Petronas treating Sarawak’s demand seriously – Morshidi

Tan Sri Datuk Amar Mohamad Morshidi Abdul Ghani

KUCHING: State Secretary Tan Sri Datuk Amar Mohamad Morshidi Abdul Ghani believes that Petronas is treating Sarawak’s demand seriously.

In fact, said Morshidi who is a Petronas board member, the national oil corporation is responding well to Sarawak’s demand.

“They (Petronas) are responding well to Sarawak’s demand but like what Chief Minister Datuk Amar Abang Johari Tun Openg said, the process needs a lot of discussions and negotiations and all that. It is not so simple,” he told reporters here yesterday.

He added that the state government had already made a commitment and would follow through on this issue.

Morshidi was asked to comment on Sarawak Barisan Nasional Backbenchers Club chairman Abdullah Saidol’s call for Petronas to show a “more convincing level of seriousness when treating Sarawak’s demand”.

Abdullah, who is Semop assemblyman, stressed that the national petroleum corporation should be treating the ongoing negotiations on oil royalty between the state government and Petronas earnestly and with respect.

“There are many remarks, though I’m not sure whether they are true or not, about some senior officials in Petronas who ridicule our issues with Petronas. If Petronas continues to behave or act without a sign of respect for us, why should we be too lenient with them?” said Abdullah on Monday.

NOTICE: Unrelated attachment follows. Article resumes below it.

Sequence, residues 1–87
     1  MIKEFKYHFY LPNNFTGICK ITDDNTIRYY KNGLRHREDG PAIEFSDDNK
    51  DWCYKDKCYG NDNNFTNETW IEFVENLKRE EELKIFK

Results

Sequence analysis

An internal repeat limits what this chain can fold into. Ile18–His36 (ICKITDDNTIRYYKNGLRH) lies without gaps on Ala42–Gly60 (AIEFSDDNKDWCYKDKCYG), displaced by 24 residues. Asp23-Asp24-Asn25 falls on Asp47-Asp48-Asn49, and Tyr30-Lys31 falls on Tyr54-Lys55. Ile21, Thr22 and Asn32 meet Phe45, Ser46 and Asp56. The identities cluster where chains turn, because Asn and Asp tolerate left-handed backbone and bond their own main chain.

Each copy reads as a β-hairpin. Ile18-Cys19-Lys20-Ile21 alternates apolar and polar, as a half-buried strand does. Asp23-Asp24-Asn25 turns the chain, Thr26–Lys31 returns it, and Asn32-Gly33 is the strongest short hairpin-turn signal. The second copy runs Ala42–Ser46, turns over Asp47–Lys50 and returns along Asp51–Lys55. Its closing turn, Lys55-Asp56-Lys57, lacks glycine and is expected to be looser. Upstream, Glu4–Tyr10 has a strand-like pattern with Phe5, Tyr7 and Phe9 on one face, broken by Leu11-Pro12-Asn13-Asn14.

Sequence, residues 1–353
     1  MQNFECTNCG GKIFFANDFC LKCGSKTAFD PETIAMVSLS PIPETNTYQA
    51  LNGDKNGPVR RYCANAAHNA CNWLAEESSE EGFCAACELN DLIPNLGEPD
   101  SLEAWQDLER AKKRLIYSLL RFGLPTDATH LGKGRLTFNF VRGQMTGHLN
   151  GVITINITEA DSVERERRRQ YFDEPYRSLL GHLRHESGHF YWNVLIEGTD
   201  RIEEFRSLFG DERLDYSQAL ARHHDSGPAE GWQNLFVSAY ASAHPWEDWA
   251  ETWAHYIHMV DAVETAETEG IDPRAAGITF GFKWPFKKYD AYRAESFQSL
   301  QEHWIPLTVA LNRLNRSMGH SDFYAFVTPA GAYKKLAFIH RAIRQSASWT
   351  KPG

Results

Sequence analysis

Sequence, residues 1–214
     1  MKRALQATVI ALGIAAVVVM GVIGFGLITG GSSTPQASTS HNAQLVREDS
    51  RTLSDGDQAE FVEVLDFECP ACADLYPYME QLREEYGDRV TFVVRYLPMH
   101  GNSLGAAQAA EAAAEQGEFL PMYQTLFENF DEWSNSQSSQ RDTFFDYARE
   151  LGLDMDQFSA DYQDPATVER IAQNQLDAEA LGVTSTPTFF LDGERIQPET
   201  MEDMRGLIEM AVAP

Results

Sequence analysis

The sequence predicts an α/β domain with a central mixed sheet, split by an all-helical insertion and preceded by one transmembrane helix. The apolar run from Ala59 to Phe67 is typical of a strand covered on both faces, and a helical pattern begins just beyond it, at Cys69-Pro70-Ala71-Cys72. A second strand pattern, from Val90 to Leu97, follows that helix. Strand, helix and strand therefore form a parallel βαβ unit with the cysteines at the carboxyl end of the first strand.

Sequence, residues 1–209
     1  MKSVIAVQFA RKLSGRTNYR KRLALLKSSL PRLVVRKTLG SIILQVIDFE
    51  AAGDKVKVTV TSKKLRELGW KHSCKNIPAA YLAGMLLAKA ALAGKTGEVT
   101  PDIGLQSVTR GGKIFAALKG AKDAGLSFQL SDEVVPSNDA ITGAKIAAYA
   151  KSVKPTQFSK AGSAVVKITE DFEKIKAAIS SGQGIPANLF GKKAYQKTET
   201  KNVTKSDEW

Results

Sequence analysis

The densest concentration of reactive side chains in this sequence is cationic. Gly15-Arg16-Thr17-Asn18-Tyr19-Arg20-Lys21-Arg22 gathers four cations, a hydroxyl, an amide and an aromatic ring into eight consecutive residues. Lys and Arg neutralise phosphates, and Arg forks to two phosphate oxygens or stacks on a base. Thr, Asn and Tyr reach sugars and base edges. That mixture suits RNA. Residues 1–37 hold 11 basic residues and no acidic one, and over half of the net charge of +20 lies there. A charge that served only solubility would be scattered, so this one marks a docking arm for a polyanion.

The negotiations between the state government and Petronas on higher oil royalty from the current five per cent to 20 per cent and higher participation in the industry are still ongoing.

Besides higher oil royalty, Sarawak, Petronas and the federal government had last year reached a seven-point agreement, ensuring among other things, that a Sarawakian would be appointed to Petronas’ board of directors.

The agreement was reached after Petronas was under heavy criticism by Sarawakians following reports that the national oil company had retrenched 13 Sarawakian workers and that it did not prioritise locals in its hiring.

This resulted in the state government imposing a moratorium on the issuance of work permits to non-Sarawakian Petronas workers.

Then Chief Minister Datuk Patinggi Tan Sri Adenan Satem said the state would also cancel the work permits of non-Sarawakians if Petronas did not adhere to its demand to increase the number of local workers.

The agreement also assured prioritisation of Sarawakians in Petronas’ employment in the state and increased places for Sarawakians in Universiti Teknologi Petronas.

In addition to that, Petronas would also intensify technical training for Sarawakians and enrol more Sarawakians in their training centres throughout the country.

Peronas together with the federal government would consider the intention of the state government to participate in the production sharing contracts (PSCs) so that the state could benefit from the contracts.

Meanwhile, when asked to comment on a recent Reuters report that Petronas was planning to sell its stake in the SK316 upstream gas project within the territorial waters of Sarawak, Morshidi said some assessment was being currently done by the state government.

“I think the chief minister will respond.”

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